The actual sending over part is a bit tricky, because crew members move inside the grid of their airship. This means there is currently no way to represent someone not inside a ship. To allow air marines to jump or glide or grappling-hook across the gap between two ships, I will have to introduce a second system of tracking people's position. The second system will be in the same coordinate system as the ships itself, and will have to deal with physics, collision detection, etc.
So for now, I'm just going to ignore all that and make the crew teleport over! I even added a completely pointless particle effect for it.
Why? Because I want to get to the more fundamental part first: what happens during boarding?
Air marines boarding an enemy ship should try to disrupt its operation, and if there are enough of them, even take it over. These two goals are somewhat at odds, since the fastest way of disrupting an airship would be to make its suspendium chambers stop working, making it fall out of the sky. But I doubt that the air marines would be inclined to make the ship they're in crash. Instead, I decided that the marines will target weapons systems, propulsion, and command centers, rendering the ship harmless but still afloat. So once an air marine has boarded a ship, he will path to the nearest "interesting" module - a gun or propeller or bridge, and start shooting the crew in there.
The other question is how taking over a ship happens. Airships are complex entities, so what does it mean for one to be taken over? The rule I decided on: if there are no crew members of the current owner in any of its command centers (bridges or cockpits) and at least one crew member (air marine) of the opposing side in a command center, the ship's owner flips. The invading marines get added to the crew list while any surviving defending marines are now considered the new invaders. The normal air sailors are set to be "under occupation", which means they will only perform a subset of duties needed to keep themselves alive: they will put out fires and run suspendium chambers, but nothing more. The occupying air marines will have to do any fighting duties.
Having figured things out, it was time to start building!
Air marines will have to perform normal crew duties in occupied ships (and they can also help out in your own), so they should be a type of crew. So first off, I introduced a concept of "crew type" to distinguish between marines and sailors. These have different sprites and different competencies: sailors are more efficient at working in airships, but much weaker in combat.
Next, I added a new module type, the barracks, which was pretty straightforward.
The game also has to keep track of whether someone is on board a ship as an invader or as a crew member, so I added a separate list of boarders, and got to work on rewiring the crewmember and airship classes to make this difference clear. A lot of questions like "how many crew are in this ship" had to be made more precise.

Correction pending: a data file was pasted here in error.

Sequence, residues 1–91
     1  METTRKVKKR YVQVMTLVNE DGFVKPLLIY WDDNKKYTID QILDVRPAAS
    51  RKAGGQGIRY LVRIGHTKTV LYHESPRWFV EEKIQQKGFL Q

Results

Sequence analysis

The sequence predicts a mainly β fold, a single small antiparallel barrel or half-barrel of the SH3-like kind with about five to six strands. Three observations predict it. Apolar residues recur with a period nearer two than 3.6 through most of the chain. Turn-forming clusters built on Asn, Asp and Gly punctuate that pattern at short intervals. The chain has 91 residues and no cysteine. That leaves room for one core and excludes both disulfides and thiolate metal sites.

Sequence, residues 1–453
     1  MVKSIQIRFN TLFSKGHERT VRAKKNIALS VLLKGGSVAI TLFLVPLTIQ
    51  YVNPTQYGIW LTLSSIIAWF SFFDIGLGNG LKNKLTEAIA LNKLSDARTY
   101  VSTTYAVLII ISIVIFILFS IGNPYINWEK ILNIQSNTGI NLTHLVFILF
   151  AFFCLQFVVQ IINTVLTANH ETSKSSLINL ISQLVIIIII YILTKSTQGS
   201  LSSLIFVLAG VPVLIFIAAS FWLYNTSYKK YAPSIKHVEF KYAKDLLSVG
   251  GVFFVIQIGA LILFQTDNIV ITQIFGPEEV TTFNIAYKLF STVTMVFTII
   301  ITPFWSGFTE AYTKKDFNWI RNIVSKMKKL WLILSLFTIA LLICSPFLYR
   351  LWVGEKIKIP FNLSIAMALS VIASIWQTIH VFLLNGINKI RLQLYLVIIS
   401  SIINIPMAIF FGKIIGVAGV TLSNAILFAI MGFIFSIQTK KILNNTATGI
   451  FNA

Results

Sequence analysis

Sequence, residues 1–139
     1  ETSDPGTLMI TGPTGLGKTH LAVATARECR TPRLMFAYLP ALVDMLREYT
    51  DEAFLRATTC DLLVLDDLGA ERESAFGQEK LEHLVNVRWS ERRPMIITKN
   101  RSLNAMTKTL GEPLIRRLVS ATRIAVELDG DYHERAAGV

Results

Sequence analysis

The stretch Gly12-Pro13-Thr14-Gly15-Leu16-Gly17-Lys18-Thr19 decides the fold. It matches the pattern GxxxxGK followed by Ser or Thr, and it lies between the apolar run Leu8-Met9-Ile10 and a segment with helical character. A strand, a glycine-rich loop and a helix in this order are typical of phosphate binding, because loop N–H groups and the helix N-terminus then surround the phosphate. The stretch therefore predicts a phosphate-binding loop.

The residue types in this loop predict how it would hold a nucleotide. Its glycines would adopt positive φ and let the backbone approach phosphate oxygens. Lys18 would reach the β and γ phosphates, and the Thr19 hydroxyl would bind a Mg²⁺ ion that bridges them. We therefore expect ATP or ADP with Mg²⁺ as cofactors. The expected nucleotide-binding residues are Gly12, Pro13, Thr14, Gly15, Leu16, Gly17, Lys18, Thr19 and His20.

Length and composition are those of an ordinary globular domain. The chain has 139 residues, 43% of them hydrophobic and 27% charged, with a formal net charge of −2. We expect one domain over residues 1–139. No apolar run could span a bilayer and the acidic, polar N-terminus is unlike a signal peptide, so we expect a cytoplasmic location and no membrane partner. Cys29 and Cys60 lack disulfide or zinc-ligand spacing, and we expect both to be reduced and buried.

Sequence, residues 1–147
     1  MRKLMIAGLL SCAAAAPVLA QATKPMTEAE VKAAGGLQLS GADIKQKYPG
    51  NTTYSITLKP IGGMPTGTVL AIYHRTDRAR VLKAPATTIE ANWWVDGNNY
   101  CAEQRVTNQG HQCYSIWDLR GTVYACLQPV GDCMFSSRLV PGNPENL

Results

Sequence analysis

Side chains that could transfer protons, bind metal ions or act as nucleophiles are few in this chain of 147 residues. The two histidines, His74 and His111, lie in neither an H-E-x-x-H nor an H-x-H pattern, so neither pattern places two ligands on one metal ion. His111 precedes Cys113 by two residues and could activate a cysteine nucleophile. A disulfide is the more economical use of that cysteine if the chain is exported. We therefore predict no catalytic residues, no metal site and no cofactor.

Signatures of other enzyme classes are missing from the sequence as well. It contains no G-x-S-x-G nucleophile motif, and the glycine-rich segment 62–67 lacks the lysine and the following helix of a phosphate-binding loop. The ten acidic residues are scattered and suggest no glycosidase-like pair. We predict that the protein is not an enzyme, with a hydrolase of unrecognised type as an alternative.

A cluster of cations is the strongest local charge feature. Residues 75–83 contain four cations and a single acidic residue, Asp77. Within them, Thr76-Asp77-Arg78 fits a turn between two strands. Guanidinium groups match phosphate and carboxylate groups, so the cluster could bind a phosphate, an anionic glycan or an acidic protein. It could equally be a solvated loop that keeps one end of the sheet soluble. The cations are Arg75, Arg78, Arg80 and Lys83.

Next, I implemented a "board" command for airships, borrowing liberally from the existing "target" command and fiddling in GIMP until I got a decent-looking grappling hook for an icon.
So I got to the first tests: the marines would teleport over to random locations on the other ship - and then just stand there, going "Oh, that is a nice cannon you have here. And it is indeed shooting at my ship. oh well, carry on!".
I needed them to actually go and do some mayhem, so next up was pathing: identify the modules of strategic interest and move there. Pathfinding was already available from the code for air sailors, so this was pretty quick. And of course, once they got to their targets, it was time for them to shoot things!
The game already has a concept of shots from ship-to-ship fights, so I reused and extended this. It's cleaner than introducing another mechanic, plus it potentially allows for things like boarders shooting ships, ships shooting boarders, etc. This meant extending the shot class so it can come from a crew member as well as a weapon, and differentiating whether it comes from inside the ship or not. (Shots from inside the ship don't get held up by armour.)
Now I just had to tell boarders to shoot crew and vice versa, and a fight for the ship finally happened! And, as it turns out, a rather silly bug: I forgot to tell marines that they can't move when badly injured or dead, so now I had casualties and corpses sliding around on the floor and impossibly climbing ladders while prone, slowly moving to the next place to conquer.
Having fixed that, combat now proceeds reasonably: the boarders go and shoot up the bridge and cannons of the enemy ship, weakening it. Next up will be the takeover phase: boarders converging on the bridge, and the ship's allegiance switching over.
No doubt boarding will need a lot of balancing work. Right now, it feels way too powerful, but this may be because it's very easy thanks to the temporary teleporting. In the end, boarding should be one tactical option in your arsenal that works in certain circumstances, much like ramming, sniping with rifles from high up, grounding your ship, forcing down an enemy, and so on.
Join me next time when I put in the ship takeover mechanic and start figuring out how to make the marines move between ships!